Imagine a room full of women, prostitutes, lowest of the low. They are faceless – without an identity, without a future. They are created out of found objects, the flotsam and jetsam of society. Their heads are fashioned out of jars, their breasts are jars shaped like voluptuous melons– after all, aren’t women objects? They lack hands, and some even their lower limbs, they have no standing in society. Clad in flashy underwear and gold heels, they are what they wear, sexual objects in an uncaring society.
And yet to stand in that small room with these life-sized, lifeless women was to feel their presence and their pain. It seemed almost a community. As Media Farzin, a young Iranian artist, explained it, “Shirin is part of a group of artists who are very attentive to what’s happening on the streets, they are very attentive to what’s happening in society.”
This work would never be shown in Iran, and suddenly the impact of these 11 days became quite clear to me. As Farzin mused, “Here artists get a chance to get a visibility with a certain kind of audience. If there wasn’t a week dedicated to this kind of work, they’d have to be fighting for opportunity with everything else in New York, which is such a dense city with so much going on. So this is for people who really care about art, to give the artists a platform for their work.”
© Lavina Melwani
(This article first appeared in Housecalls )
Inside Japan At ACAW
History of Rise and Fall, 2006
Pen and acrylic ink on paper, mounted on board
78 ¾ × 78 ¾ in.
Courtesy Mizuma Art Gallery, Takahashi Collection
Photo: Kei Miyajima
Copyright © IKEDA Manabu
Manabu Ikeda works in ink and acrylic paint applied by pen onto paper, creating large,
intricate works teeming with the details of lives that are socially and metaphysically
linked. In History of Rise and Fall, success and failure, nature, history, and human presence coexist within the confines of an ancient castle supported by branches and roots that simultaneously reflect the four seasons, while the missile-like streaks in the sky at top left represent the ever present threat of nuclear obliteration, in this case from North Korea.
Harakiri School Girls, 2002
Print on transparency film, holographic film, acrylic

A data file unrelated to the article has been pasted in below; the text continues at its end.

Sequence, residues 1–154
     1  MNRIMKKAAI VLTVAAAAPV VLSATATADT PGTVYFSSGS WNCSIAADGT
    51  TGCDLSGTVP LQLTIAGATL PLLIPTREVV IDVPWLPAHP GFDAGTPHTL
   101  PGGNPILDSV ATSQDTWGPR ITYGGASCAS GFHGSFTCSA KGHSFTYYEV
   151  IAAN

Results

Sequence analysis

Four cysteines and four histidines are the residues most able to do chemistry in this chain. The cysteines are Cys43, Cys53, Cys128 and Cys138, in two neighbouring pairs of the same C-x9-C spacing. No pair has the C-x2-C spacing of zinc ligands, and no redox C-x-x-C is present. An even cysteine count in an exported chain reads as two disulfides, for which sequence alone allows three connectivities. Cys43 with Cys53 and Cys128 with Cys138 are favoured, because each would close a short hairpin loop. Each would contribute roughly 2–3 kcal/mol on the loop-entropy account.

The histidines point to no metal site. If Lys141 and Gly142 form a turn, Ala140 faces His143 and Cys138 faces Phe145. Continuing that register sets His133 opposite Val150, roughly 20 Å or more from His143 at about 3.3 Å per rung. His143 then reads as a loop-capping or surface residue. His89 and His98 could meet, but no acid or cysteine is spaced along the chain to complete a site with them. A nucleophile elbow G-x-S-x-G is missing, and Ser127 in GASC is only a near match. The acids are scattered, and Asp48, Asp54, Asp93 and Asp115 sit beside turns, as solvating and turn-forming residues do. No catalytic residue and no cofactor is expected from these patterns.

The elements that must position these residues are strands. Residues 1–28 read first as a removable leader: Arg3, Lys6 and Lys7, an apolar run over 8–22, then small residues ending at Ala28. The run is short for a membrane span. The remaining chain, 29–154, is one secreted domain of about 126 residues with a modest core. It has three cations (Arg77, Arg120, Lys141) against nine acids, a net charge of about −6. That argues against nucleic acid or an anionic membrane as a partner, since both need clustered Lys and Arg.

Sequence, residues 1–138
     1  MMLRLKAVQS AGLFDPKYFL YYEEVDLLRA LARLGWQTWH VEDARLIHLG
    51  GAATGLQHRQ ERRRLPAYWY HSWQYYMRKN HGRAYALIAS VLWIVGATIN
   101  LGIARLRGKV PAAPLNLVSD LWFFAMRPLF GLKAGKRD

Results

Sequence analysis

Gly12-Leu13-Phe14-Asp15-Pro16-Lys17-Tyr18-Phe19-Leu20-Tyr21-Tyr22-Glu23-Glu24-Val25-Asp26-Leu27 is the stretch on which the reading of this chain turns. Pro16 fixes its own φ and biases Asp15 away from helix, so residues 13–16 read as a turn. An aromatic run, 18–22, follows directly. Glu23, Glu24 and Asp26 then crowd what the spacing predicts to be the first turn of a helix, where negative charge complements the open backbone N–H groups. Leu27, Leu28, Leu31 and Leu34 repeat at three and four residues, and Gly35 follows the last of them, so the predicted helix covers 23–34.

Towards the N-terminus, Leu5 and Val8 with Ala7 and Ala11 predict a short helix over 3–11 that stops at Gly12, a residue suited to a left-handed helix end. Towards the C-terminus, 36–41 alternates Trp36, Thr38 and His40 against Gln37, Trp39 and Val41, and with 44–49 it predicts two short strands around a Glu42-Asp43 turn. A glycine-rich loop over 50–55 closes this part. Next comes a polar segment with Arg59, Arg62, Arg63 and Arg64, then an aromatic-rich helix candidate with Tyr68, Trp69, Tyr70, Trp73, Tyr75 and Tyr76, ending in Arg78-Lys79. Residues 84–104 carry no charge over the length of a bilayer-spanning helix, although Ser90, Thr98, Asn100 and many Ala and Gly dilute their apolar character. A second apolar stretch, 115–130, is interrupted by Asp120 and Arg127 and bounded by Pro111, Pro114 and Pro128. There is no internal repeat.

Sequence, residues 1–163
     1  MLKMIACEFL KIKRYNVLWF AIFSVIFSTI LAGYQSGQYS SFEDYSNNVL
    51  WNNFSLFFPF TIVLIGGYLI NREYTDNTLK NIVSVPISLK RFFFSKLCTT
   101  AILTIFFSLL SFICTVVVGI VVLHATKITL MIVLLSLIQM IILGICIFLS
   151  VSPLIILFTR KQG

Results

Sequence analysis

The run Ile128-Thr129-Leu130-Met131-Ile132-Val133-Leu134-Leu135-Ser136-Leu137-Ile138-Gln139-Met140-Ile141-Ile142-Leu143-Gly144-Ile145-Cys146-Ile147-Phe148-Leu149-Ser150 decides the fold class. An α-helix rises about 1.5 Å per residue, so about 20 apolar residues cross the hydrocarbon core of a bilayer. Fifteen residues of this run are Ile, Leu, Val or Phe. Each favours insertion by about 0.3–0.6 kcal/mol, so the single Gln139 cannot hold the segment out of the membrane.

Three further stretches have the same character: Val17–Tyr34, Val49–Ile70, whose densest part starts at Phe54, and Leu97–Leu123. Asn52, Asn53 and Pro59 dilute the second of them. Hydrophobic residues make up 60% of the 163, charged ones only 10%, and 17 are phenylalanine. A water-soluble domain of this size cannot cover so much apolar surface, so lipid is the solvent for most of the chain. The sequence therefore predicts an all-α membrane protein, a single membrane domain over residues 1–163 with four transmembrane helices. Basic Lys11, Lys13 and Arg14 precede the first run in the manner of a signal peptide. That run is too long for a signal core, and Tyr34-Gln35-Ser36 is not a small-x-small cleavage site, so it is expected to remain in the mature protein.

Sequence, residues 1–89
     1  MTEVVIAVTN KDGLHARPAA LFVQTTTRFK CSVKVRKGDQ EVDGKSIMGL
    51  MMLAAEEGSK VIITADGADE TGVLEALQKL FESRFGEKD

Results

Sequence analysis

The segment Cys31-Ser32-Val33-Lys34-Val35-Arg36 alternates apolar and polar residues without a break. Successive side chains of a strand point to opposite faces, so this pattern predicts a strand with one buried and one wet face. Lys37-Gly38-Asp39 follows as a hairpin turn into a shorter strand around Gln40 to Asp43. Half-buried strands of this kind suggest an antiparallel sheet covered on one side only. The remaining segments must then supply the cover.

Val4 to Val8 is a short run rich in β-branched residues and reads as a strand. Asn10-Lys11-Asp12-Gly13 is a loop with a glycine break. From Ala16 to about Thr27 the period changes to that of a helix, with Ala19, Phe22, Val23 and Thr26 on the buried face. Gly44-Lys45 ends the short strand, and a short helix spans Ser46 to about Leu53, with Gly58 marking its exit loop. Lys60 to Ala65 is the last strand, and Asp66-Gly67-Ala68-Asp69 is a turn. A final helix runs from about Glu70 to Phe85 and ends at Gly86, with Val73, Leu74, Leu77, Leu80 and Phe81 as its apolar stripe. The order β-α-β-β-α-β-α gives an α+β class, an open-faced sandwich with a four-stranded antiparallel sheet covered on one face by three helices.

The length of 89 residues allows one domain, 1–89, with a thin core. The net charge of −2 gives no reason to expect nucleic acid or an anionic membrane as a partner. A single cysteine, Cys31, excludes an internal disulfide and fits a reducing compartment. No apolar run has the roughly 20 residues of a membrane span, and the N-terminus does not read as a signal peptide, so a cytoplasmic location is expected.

46 ¾ × 33 3/8 in.
Courtesy Mizuma Art Gallery. Watai Collection
Photo: Kei Miyajima. Copyright © AIDA Makoto
Makoto Aida’s work combines social critique with nihilistic humor, tempered by
the artist’s respect for the styles he lampoons. Harakiri School Girls combines the
fetishistic fashions and nubile bodies of fantasy schoolgirls with the time-honored
samurai practice of ritual suicide. Its drawing style alludes to the work of Tsukioka
Yoshitoshi (1839–1892), an artist often dismissed as “decadent” because of his violent
subject matter, madness, and Western influences. In the battle for urban cultural
life, Aida’s principal enemy is the gray-suited “salaryman,” whose conformism and
lack of individual spirit he abhors. The enormous Ash Color Mountains (2009–10)
shows the corpses of hundreds of salarymen, each depicted in loving detail, on vast
Untitled, 2008 by Yoshimoto Nara
10 ½ × 7 7/8 in.
Courtesy Tomio Koyama Gallery
Copyright © Yoshitomo Nara
Well known to New York audiences thanks to his recent solo show at Asia Society,
Yoshitomo Nara, is famous in both Japan and the West for his engagement with
popular culture. Cartoonlike paintings of children, or installations of toys, form the
basis of his work, yet they undermine the kawaii (“cute”) aesthetic through their
subversive, at times malicious, self-awareness. In 2008 he published this photograph
of a beautifully maintained tomb for pets, crowned with two large, symmetrical
Hello Kitty polychrome stone “guardians.” At last, it seems, even Kitty has passed
beyond the veil of cuteness and had to say, “Bye Bye.”
(Source: The Japan Society)